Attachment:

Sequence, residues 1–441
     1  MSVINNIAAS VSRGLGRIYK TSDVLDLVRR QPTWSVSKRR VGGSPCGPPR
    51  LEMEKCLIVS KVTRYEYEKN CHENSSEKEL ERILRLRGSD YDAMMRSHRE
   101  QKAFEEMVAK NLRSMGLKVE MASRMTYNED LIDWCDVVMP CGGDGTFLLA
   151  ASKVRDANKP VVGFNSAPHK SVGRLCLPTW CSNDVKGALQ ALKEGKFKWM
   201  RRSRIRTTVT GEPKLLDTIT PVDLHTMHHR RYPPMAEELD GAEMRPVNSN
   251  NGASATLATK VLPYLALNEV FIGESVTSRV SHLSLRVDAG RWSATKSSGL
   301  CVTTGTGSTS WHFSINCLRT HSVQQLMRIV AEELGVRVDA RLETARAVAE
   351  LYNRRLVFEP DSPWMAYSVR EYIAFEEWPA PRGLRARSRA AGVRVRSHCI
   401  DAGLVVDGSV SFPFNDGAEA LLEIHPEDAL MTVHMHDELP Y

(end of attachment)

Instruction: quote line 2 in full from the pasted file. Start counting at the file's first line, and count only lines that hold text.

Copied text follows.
     1  MSVINNIAAS VSRGLGRIYK TSDVLDLVRR QPTWSVSKRR VGGSPCGPPR